Whenever I look at a new company, my goal is to figure out as quickly as possible whether it fits into one of my two "green light" investment categories: (1) a great company at a good price, or (2) a good company at a great price. Everything else -- other than rare special situations -- is a "red-light" no-go.
There are a lot of ways to go about assessing quality and price, but one of the most straightforward, especially for mature companies, is the Rule Maker test. As longtime Fools know, a Rule Maker is a company that manufactures products and provides services bought every day or every week by tens of millions of people the world over. This sale of the same profitable item, over and over, results in the methodical accumulation of a mother lode of cash on a Rule Maker's balance sheet. (That's the ideal, at least.)
Today, we look at our next consumer non-cyclical, Blyth Inc. (NYSE: BTH ) . I'll be applying the 10 Rule Maker criteria to get a rough indication of where this company falls on the spectrum of good to great.
That's Mr. Non-cyclical to you
If you're scratching your head, saying "consumer non-what?" let me catch you up. We're in part five of a series searching for companies that will fare well even if the economy doesn't rebound strongly in the coming year or two (as the Fed and mainstream media expect). I've targeted the consumer non-cyclicals because these companies typically have the ability to maintain decent sales and earnings in all economic seasons -- hence the "non-cyclical."
Whereas consumer cyclicals tend to sell expensive, durable goods (autos, furniture, home appliances, etc.), consumer non-cyclicals tend to sell inexpensive, disposable products. Blyth is a perfect example, with its business of making candles, fragrances, and home decorative products, including picture frames and lamps. None of these is precisely a life necessity, but all are the types of things most people will buy, say, every few months -- if for no other reason than because they make easy gifts.
A little more background: In the most recent year, revenues for the Greenwich, Conn.-based Blyth came in at $1.29 billion, up 13.4% annually over the past five years. And in each of those five years, it generated positive free cash flow and a return on equity no less than 15%. In spite of those fairly impressive numbers, the stock's P/E is a reasonable 13.2, with a 1% dividend yield.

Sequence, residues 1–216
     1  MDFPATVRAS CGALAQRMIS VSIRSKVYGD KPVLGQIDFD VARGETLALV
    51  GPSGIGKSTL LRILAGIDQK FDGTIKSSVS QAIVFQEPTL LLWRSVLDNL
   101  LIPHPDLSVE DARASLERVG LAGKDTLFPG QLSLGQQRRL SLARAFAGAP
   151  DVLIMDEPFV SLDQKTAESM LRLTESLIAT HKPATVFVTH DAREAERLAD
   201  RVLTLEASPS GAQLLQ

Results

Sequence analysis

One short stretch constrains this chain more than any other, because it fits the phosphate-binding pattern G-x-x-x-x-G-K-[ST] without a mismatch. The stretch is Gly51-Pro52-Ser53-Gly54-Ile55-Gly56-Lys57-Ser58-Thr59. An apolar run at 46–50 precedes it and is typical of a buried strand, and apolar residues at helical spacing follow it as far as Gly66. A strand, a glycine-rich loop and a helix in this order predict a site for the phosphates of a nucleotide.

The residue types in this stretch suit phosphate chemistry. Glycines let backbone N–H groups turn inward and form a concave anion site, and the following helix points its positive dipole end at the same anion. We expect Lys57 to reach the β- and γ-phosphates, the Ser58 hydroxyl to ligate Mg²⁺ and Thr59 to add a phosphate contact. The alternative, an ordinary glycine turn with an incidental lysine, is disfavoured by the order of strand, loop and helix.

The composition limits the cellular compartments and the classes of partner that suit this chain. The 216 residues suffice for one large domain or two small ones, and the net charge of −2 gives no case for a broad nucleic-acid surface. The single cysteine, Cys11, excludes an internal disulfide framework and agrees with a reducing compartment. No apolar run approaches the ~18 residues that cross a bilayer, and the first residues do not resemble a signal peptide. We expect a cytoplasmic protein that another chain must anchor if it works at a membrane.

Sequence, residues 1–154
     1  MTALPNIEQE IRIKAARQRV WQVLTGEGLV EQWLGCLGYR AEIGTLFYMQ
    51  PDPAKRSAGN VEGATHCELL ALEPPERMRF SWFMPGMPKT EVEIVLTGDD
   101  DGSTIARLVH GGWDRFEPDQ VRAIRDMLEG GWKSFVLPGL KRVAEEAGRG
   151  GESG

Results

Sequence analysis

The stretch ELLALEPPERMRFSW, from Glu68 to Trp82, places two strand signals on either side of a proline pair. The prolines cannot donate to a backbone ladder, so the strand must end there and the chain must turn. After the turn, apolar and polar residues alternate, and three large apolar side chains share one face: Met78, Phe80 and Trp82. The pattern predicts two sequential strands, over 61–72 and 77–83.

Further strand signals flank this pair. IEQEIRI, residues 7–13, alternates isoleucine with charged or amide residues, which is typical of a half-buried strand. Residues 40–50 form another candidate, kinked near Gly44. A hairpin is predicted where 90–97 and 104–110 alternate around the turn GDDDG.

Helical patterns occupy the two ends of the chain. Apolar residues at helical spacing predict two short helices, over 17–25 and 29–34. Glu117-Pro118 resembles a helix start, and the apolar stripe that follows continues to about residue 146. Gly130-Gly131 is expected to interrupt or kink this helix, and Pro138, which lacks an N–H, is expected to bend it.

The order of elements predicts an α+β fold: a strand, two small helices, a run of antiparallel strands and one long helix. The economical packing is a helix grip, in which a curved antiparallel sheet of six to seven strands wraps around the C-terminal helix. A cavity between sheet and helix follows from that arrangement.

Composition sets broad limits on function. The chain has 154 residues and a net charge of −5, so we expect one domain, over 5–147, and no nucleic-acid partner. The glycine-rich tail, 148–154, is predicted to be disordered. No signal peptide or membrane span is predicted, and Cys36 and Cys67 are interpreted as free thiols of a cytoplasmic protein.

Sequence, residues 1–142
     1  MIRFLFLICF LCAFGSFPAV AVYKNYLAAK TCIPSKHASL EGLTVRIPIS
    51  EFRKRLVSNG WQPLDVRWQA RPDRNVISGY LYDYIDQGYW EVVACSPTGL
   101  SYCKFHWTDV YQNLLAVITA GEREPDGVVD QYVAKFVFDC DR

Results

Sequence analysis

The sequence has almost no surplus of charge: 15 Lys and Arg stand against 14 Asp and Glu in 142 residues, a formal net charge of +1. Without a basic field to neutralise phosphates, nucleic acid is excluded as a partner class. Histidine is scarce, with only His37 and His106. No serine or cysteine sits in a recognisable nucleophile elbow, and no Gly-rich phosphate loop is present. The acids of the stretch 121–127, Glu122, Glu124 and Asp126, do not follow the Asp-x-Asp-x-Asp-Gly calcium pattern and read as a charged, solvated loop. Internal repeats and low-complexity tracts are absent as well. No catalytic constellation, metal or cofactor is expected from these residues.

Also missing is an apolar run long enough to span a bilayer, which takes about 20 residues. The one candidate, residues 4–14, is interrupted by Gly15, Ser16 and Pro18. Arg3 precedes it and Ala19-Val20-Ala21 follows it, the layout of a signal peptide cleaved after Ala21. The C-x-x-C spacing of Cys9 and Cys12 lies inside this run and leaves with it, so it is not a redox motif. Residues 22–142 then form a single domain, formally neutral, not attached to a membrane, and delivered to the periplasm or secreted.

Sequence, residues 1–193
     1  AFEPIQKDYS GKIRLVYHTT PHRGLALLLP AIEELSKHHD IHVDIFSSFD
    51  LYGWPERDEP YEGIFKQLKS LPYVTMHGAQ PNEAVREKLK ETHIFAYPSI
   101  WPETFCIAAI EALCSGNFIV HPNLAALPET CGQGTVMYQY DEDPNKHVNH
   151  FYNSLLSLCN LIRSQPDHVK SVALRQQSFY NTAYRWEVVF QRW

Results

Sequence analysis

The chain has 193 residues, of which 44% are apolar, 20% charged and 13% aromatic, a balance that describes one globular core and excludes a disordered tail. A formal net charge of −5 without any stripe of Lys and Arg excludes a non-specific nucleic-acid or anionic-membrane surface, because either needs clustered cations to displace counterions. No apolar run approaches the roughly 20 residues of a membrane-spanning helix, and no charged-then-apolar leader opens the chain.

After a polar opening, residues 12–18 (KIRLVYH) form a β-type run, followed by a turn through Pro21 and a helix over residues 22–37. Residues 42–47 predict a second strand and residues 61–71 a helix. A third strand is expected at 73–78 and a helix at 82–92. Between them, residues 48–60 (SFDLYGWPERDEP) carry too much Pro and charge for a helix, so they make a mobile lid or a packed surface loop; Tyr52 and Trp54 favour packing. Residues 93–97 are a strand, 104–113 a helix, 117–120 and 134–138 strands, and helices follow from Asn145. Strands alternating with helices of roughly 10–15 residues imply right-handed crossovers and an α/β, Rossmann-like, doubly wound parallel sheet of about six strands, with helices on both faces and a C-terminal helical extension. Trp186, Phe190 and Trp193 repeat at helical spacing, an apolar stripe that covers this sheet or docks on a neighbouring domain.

The question remains, does that reasonable price buy you a good company or a great company? Let's use the Rule Maker criteria to sort it out.
1. Must have at least one sustainable competitive advantage. The more, the better.
Blyth's consistent profitability suggests that it has some type of advantage, and I suspect it might be the company's portfolio of consumer brands. About half of overall sales is generated from the company's PartyLite division, which sells candles directly to consumers via the party method. For what it's worth, I asked my wife about PartyLite candles, and she said they were "just OK -- on the expensive side." Maybe there's something I'm missing, but my impression is that whatever competitive advantage exists is relatively weak.
2. Must be dominant in its industry.
Blyth can be regarded as a "leading player" in candles and home fragrances. For example, Blyth is larger than its closest branded candle competitor, Yankee Candle (NYSE: YCC ) , which has less than half the sales of Blyth's candle/fragrance division. Even so, there are oodles of competitors in this market, including Lancaster Colony (Nasdaq: LANC ) and Bath and Body Works, a subsidiary of Limited Brands (NYSE: LTD ) , plus a host of private or foreign competitors. Blyth is in no way dominant.
3. A Rule Maker has been dominant for more than a decade.
We've already established that Blyth isn't dominant, but it does have longevity. The company was founded in 1977 when it acquired the Valley Candle Company, a Brooklyn, N.Y.-based business that sold white non-fragranced candles to religious organizations. It grew through a string of acquisitions in the 1980s and early 1990s, and then went public in 1994. As such, we have nearly a decade's worth of publicly available financial data showing Blyth to have been consistently profitable since 1993. That's a worthy accomplishment, but it still falls short of sustained dominance.